That is the philosophic underpinnings that drive the concept of the global village of which we are a part; which, beyond the national boundaries envisioned by Constitutions as ours, remain the single most challenging element to existing governance structures and which will remain a looming challenge to any kind of governance system we devise.
This makes imperative a rethink and reenvisioning of our reform processes that are much more engaging and embracing than the proposals we have before us.
Next: Reassembling the Body Politic: Power. Politics. People.
Note: This is based on the Report of the Trinidad and Tobago Constititution Reform Commission, 2013. I thank the Honourable President of the Senate Mr Timothy Hamel-Smith for emailing me his proposed recommendations for constitutional reform in his paper entitled Re-Engineering Our Constitution for Participation and Performance and inviting debate so directly and openly (when conditioning of much of our system interprets critiques as criticism). I will attempt a review, next).This Demokrissy series, The Emperor’s New Tools, continues and builds on the analysis of evolution in our governance, begun in the introduction to my book, Through the Political Glass Ceiling (2010): The Clash of Political Cultures – Cultural Diversity and Minority Politics in Trinidad and Tobago.
Others in this series:
Oct 20, 2013 Choosing the Emperor's New Troops. The dilemma of choice. Voting is supposed to be an exercise in thoughtful, studied choice. Local government is the foundation for good governance so even if one wants to reform the ... http://kris-rampersad.blogspot.com/
Apr 07, 2013 Old Casked Rum: The Emperor's New Tools#1 - Towards Constitutional Reform in T&T. So we've had the rounds of consultations on Constitutional Reform? Are we any wiser? Do we have a sense of direction that will drive ...http://kris-rampersad.blogspot.com/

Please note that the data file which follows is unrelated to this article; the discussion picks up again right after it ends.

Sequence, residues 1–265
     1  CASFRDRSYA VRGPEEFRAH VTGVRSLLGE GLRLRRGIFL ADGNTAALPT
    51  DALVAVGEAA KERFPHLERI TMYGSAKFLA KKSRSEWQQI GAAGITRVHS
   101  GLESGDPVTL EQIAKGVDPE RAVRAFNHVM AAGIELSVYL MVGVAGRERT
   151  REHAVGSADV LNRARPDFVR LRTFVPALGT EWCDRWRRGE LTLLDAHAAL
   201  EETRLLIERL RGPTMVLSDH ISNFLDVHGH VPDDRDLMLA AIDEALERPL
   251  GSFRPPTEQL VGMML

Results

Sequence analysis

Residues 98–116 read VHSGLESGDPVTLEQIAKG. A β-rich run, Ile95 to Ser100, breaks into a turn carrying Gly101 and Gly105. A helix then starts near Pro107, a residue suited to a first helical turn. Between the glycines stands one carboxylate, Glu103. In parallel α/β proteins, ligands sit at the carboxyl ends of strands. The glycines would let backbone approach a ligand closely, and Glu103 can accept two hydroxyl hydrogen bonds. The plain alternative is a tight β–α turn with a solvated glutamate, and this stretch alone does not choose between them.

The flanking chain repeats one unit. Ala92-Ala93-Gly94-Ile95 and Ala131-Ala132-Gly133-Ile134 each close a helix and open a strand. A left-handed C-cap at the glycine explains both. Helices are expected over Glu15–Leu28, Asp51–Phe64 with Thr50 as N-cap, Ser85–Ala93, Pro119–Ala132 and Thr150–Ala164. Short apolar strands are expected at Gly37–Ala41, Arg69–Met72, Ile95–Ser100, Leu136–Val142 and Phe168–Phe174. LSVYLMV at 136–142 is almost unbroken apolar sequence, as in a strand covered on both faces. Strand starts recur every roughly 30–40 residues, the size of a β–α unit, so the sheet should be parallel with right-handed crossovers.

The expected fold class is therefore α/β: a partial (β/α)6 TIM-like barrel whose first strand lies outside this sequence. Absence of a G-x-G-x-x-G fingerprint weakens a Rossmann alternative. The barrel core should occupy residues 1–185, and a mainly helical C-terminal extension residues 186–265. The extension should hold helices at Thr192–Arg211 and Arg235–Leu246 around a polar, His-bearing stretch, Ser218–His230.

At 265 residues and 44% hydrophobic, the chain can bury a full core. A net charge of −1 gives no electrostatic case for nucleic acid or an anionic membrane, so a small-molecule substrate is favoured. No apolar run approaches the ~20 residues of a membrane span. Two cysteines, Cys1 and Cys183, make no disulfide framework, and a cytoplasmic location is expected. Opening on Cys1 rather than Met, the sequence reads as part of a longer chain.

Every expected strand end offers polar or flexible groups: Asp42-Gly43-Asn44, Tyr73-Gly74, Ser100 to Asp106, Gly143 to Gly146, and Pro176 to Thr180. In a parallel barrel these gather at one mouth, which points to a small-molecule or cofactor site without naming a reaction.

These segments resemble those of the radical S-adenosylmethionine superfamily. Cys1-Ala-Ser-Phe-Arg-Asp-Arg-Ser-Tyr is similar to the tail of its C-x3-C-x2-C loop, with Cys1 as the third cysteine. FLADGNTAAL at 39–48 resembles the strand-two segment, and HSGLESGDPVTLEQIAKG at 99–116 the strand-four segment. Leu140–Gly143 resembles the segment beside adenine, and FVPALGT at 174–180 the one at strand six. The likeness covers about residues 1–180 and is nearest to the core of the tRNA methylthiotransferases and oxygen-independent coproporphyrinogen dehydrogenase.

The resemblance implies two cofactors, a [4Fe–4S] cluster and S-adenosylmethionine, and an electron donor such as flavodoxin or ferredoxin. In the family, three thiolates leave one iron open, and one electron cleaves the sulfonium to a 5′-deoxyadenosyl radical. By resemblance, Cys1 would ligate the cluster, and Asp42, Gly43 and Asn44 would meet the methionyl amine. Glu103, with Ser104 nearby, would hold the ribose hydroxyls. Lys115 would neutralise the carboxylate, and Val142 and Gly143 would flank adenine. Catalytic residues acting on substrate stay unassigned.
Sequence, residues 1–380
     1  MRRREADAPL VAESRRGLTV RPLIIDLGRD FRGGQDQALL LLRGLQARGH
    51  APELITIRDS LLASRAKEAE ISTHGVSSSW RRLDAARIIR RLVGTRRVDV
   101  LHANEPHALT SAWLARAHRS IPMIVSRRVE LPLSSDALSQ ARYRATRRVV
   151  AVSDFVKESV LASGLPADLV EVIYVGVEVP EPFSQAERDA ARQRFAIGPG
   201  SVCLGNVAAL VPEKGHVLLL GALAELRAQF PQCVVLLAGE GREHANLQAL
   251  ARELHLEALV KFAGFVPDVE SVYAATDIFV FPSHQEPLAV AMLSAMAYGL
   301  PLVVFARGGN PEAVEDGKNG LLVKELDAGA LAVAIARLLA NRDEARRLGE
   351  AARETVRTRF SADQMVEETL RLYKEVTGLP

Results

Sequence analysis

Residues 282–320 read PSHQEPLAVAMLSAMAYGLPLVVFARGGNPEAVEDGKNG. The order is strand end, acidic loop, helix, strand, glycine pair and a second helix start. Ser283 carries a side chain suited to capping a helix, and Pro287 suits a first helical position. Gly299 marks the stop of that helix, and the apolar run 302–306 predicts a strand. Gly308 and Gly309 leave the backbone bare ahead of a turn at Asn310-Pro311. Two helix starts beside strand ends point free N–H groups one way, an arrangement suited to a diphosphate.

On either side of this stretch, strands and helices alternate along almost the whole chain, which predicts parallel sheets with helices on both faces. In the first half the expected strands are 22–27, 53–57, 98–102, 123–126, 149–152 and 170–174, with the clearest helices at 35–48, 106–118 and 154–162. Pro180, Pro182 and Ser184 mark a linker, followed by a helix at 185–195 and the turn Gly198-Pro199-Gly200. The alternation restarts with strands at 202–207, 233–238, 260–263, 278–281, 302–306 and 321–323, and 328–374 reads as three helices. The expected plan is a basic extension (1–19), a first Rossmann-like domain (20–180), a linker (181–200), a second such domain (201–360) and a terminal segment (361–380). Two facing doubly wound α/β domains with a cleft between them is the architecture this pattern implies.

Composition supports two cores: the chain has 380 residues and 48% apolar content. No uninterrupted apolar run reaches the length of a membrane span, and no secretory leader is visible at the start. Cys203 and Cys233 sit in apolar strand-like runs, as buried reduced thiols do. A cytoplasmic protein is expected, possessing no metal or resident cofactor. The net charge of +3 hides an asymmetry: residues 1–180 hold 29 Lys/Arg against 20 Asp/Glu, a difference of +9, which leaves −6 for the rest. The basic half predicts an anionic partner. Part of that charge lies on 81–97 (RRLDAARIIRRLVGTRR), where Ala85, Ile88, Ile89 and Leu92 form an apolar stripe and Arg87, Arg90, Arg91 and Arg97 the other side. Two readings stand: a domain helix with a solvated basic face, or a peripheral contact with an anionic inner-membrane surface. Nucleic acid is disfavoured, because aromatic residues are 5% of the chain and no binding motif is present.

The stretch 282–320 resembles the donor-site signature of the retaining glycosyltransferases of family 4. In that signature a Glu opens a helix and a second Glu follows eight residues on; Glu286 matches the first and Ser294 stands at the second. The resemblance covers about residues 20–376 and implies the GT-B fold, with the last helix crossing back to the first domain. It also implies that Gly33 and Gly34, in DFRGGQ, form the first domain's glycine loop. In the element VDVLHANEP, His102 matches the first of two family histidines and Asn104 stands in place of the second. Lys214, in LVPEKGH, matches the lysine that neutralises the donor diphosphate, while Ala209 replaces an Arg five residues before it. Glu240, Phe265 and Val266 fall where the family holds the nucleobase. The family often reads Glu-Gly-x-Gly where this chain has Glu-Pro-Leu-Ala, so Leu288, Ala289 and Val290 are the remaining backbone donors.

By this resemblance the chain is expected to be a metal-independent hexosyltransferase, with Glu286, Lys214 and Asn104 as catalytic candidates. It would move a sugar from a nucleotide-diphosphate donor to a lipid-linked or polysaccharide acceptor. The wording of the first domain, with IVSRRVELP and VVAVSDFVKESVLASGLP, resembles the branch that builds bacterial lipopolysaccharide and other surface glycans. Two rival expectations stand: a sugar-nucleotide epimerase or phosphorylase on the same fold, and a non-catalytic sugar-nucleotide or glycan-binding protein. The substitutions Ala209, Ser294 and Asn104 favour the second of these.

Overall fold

Apr 30, 2013 Valuing Carnival The Emperor's New Tools#2....http://kris-rampersad.blogspot.com/
Jul 30, 2013 Wherever these breezes have passed, they have left in their wake wide ranging social and political changes: one the one hand toppling long time leaders with rising decibels from previously suppressed peoples demanding a ...http://kris-rampersad.blogspot.com/
Oct 25, 2013 Some 50 percent did not vote. The local government elections results lends further proof of the discussion began in Clash of Political Cultures: Cultural Diversity and Minority Politics in Trinidad and Tobago in Through The ...http://kris-rampersad.blogspot.com/
Oct 14, 2013 They are announcing some political meeting or the other; and begging for my vote, and meh road still aint fix though I hear all parts getting box drains and thing, so I vex. So peeps, you know I am a sceptic so help me decide. http://kris-rampersad.blogspot.com/
Jun 15, 2010 T&T Constitution the culprit | The Trinidad Guardian · T&T Constitution the culprit | The Trinidad Guardian. Posted by Kris Rampersad at 8:20 AM · Email ThisBlogThis!Share to TwitterShare to Facebook ...http://kris-rampersad.blogspot.com/
Apr 30, 2010 'How we vote is not how we party.' At 'all inclusive' fetes and other forums, we nod in inebriated wisdom to calypsonian David Rudder's elucidation of the paradoxical political vs. social realities of Trinidad and Tobago. http://kris-rampersad.blogspot.com/
Oct 29, 2013 An indication that unless we devise innovative ways to address representation of our diversity, we will find ourselves in various forms of deadlock at the polls that throw us into a spiral of political tug of war albeit with not just ...http://kris-rampersad.blogspot.com/
Oct 16, 2013 Sheilah was clearly and sharply articulating the deficiencies in governmesaw her: a tinymite elderly woman, gracefully wrinkled, deeply over with concerns about political and institutional stagnation but brimming over with ... http://kris-rampersad.blogspot.com/
Oct 21, 2013 Ain't Trini politics d BEST! Nobody fighting because they lose. All parties claiming victory, all voting citizens won! That's what make we Carnival d best street party in the world. Everyone are winners because we all like ...http://kris-rampersad.blogspot.com/
Jan 09, 2012 New Media, New Civil Society, and Politics in a New Age | The Communication Initiative Network. New Media, New Civil Society, and Politics in a New Age | The Communication Initiative Network. Posted by Kris Rampersad ...http://kris-rampersad.blogspot.com/